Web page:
Course Hero. "Dialogues of Plato Study Guide." Course Hero. 13 Oct. 2017. Web. 19 Jan. 2019. <https://www.coursehero.com/lit/Dialogues-of-Plato/>.
Course Hero. (2017, October 13). Dialogues of Plato Study Guide. In Course Hero. Retrieved January 19, 2019, from https://www.coursehero.com/lit/Dialogues-of-Plato/
(Course Hero, 2017)
Course Hero. "Dialogues of Plato Study Guide." October 13, 2017. Accessed January 19, 2019. https://www.coursehero.com/lit/Dialogues-of-Plato/.
Course Hero, "Dialogues of Plato Study Guide," October 13, 2017, accessed January 19, 2019, https://www.coursehero.com/lit/Dialogues-of-Plato/.
Socrates turns his attention to the relation he has to the Laws of Athens, separate and apart from the men who have charged, convicted, and sentenced him under those laws. He takes on the persona of the laws in order to argue on their behalf.
According to the laws, Socrates would "destroy" them if he chooses to escape. They offer multiple reasons why it would be wrong for him to leave without permission:
The personification of the Laws of Athens allows Socrates to clarify the direction of his obligation to remain in prison and follow through with his execution. It is not Socrates's accusers—not Meletus, Anytus, or Lycon—to whom Socrates is so obligated. If it is true that escaping would be unjust, and as such, would be harmful, there must be someone harmed. Hence, the personification of the laws.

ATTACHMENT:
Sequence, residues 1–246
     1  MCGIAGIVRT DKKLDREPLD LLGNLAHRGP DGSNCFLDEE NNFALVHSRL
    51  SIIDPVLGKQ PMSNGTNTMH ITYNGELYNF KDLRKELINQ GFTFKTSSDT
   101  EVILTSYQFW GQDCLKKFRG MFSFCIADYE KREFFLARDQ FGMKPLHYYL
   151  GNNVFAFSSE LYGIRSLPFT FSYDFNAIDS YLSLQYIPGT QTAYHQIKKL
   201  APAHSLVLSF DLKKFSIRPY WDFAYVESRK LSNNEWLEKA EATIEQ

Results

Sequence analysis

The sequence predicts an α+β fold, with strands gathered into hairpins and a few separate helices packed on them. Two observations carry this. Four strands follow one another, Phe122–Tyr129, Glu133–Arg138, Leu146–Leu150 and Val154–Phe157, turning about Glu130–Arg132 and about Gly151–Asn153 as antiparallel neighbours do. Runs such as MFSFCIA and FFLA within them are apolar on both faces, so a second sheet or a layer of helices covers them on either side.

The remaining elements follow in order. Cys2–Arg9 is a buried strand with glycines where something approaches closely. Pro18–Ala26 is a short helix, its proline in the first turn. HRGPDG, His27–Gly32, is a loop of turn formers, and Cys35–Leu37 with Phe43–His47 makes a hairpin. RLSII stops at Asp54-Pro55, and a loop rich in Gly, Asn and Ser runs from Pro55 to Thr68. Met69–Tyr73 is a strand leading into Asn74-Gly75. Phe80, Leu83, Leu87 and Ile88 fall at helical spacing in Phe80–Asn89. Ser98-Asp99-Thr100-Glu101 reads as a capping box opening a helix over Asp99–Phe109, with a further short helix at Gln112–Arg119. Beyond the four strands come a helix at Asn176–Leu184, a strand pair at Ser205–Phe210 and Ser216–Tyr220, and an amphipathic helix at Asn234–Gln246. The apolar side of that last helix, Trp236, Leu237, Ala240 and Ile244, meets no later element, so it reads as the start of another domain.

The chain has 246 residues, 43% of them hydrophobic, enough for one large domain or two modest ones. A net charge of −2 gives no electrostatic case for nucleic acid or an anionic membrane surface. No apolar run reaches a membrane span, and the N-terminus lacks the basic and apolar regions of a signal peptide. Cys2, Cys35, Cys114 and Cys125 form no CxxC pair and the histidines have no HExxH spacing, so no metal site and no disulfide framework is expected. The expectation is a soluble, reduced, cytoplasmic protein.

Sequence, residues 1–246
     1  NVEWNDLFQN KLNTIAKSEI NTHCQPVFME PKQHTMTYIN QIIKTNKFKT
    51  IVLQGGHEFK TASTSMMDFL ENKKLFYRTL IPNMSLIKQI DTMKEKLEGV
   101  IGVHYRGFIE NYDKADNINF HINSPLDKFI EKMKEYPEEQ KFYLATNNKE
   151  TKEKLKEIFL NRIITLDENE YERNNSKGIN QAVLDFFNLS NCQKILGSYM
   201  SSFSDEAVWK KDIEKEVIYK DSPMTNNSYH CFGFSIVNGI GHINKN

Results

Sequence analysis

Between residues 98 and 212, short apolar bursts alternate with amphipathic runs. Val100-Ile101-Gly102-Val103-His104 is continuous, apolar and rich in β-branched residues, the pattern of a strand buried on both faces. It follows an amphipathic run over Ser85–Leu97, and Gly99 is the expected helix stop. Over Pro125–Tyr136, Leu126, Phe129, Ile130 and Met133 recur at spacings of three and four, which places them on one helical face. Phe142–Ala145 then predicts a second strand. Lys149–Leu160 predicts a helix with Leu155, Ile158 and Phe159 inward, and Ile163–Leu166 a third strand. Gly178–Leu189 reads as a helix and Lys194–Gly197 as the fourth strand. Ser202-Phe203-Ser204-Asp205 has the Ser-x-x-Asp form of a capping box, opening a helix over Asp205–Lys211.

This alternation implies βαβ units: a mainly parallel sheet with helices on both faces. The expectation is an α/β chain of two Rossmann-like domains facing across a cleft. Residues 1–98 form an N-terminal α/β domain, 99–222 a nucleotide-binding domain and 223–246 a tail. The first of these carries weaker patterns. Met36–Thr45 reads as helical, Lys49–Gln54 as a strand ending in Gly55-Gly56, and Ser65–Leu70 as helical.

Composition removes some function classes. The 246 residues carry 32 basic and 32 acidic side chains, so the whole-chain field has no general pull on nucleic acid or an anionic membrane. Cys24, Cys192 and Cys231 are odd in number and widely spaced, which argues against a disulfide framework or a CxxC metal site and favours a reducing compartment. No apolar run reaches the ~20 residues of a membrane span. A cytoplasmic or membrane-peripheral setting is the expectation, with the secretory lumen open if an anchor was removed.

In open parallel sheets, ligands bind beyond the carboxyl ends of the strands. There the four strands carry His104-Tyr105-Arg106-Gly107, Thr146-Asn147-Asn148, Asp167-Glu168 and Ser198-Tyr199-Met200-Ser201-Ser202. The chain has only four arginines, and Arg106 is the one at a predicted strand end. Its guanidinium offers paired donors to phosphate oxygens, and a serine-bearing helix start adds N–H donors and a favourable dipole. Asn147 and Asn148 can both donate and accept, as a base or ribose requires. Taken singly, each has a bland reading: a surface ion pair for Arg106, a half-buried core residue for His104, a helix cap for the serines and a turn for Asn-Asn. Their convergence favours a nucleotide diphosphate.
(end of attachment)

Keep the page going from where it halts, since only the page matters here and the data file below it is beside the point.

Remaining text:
The laws articulate a form of the social contract, the modern version of which is the agreement between members of a society. However, as Socrates articulates it, the agreement is between individual citizens and the law itself. In Socrates's view, the laws contribute to the good life he himself promotes. Were he to leave Athens, this life would have to be abandoned, and with it, his claim in the Apology that "the unexamined life is not ... worth living."
How can Socrates both maintain an obligation to the laws and (in the Apology) an obligation to the God by continuing to do philosophy? Living as a citizen places him squarely within the domain of legal authority, but that authority does not extend to commanding one do an injustice. So, Socrates's accusers do not have the authority to compel him to stop doing philosophy. Indeed, if doing injustice is always wrong, then it would be wrong to obey an unjust law. However, that is not at issue here in the Crito. Instead, the issue is whether or not Socrates should suffer injustice.